2 Corinthians 1:12-2:4
July 19, 2015
Faith Presbyterian Church – Morning Service
Pastor Steven Nicoletti
Back in June I preached from 2 Corinthians 1:1-11, and I have decided to continue to move forward through 2 Corinthians for the next three Sunday mornings.
This morning our text is 2 Corinthians 1:12-2:4. But before we read the text together, I want to consider some of the categories and background to what is going on here.
In our text, we see two different views of what love looks like. One is from the Corinthians, and the other is from the Apostle Paul.
For the Corinthians, we will see that love is identifiable by a rather narrow set of behaviors. For the Corinthians, there is a fairly small set of actions which express love. And you look for those actions, and if they are absent from a person’s behavior towards you, then that person must not love you. It is fairly straightforward. That is the Corinthian’s view.
And their view is significant, because I think we can tend to take a similar approach to those around us. We often have a rather narrow definition of what it looks like to love others, and whether we are evaluating others’ actions towards us, or deciding what kind of action we should take towards them, we run everything through this narrow grid – a narrow understanding of what love is. And that narrow grid can look a bit different for each one of us.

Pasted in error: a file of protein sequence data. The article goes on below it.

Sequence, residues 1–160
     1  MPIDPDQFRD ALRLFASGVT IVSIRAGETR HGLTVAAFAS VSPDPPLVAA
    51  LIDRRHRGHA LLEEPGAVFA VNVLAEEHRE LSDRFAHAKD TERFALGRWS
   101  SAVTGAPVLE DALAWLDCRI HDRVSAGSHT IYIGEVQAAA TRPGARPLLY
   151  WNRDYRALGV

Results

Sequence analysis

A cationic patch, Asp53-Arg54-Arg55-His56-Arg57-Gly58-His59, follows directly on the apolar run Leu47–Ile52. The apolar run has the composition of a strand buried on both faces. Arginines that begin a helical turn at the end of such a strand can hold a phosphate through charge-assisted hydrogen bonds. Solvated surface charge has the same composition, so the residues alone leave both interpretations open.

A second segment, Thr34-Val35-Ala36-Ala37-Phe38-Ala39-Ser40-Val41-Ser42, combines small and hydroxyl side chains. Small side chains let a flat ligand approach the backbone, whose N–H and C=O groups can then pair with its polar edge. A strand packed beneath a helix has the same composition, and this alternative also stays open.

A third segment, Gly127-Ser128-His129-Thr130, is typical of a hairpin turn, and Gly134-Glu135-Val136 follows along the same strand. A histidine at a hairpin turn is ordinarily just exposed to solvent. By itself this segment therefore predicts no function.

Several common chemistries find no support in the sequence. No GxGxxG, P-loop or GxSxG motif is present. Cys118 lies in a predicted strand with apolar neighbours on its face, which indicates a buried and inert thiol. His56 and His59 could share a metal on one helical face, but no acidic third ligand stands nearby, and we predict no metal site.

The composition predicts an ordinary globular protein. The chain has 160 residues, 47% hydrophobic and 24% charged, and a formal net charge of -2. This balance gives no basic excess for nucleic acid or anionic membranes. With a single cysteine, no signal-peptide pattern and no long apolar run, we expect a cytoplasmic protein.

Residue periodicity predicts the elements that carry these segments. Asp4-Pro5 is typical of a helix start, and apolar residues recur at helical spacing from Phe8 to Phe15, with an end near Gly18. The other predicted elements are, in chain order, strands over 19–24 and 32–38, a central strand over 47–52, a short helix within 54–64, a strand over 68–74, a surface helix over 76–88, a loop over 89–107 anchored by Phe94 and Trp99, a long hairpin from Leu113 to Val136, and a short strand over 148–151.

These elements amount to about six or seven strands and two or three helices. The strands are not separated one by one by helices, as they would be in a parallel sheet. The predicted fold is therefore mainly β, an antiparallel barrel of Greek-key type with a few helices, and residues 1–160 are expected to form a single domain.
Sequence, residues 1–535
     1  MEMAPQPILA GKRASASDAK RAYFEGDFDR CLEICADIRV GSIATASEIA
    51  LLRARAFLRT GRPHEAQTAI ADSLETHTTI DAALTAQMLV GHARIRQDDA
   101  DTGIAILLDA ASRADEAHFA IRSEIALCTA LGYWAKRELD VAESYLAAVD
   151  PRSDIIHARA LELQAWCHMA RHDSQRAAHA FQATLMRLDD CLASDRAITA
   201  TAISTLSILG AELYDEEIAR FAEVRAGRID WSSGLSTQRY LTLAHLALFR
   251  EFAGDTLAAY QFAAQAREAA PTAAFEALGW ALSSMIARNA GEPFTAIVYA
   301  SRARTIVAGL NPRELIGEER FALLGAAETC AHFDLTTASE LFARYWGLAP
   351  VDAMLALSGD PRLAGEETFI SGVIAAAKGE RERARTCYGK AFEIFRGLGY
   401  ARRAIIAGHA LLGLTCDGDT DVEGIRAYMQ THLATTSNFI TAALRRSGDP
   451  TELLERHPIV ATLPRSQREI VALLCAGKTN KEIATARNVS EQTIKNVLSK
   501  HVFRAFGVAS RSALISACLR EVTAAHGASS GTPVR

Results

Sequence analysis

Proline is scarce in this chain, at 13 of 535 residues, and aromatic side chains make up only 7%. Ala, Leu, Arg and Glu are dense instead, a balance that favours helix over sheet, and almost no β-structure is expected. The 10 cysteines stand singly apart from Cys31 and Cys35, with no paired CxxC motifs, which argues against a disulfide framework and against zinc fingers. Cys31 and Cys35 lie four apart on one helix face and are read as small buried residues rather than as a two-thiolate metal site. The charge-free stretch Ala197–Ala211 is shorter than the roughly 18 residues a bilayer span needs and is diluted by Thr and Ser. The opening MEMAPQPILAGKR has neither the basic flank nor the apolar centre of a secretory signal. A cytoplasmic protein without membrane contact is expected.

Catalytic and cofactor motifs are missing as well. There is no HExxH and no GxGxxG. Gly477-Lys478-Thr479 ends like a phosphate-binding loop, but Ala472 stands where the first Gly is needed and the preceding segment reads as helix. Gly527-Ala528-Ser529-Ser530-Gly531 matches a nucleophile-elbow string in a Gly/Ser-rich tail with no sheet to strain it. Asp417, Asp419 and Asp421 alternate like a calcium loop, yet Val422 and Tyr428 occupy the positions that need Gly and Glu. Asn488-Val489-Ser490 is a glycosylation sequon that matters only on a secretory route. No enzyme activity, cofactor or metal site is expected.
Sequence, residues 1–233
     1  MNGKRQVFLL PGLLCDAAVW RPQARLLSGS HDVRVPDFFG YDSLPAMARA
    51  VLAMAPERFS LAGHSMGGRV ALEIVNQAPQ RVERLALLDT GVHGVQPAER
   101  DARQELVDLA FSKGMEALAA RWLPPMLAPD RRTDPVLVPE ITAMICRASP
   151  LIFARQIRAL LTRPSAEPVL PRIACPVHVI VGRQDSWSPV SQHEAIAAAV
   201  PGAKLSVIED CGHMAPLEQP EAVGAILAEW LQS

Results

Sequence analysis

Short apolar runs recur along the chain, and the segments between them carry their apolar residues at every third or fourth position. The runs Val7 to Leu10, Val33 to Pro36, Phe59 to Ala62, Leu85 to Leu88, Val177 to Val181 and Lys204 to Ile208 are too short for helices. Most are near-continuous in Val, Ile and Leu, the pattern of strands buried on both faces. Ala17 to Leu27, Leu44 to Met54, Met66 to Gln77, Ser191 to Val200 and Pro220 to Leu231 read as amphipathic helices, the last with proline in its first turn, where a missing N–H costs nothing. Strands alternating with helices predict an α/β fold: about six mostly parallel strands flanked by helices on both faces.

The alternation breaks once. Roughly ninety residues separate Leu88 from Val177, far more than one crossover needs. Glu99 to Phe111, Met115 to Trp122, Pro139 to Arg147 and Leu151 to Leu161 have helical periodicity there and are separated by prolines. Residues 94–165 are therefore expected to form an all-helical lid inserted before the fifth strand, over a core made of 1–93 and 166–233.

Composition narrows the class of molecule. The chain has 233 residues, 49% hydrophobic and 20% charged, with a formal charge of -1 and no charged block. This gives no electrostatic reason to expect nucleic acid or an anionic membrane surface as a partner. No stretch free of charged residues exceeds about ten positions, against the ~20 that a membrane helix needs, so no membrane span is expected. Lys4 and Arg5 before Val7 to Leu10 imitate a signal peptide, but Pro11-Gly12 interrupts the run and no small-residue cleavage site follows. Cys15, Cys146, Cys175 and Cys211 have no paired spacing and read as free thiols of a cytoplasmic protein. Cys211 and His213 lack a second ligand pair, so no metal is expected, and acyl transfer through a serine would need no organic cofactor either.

This is all a bit abstract, so what am I actually talking about? Let’s take some examples.
Let’s start with parenting. Some of us tend towards thinking of love almost exclusively in terms of affection, in terms of making our children feel happy, in terms of providing a warm relationship. And all of these things are essential to loving our children. But they are not the whole picture. Because for parents in this category, saying “no” to your children, or disciplining your children, can be extremely difficult. You don’t like seeing them unhappy. You don’t like making them unhappy. For these folks, parental love is affection, and happiness.
For others, love in parenting is thought of almost exclusively in terms of training and discipline. Now don’t get me wrong – it’s not that parents in this category don’t feel affection for their children – it’s not that at all. But they see the hard work of love primarily in terms of training and disciplining their child. They may not enjoy that part of it, but they see it as their primary duty. They love their child by preparing them for life and adulthood, and saying “yes” to a child can often be looked at as in danger of overindulgence.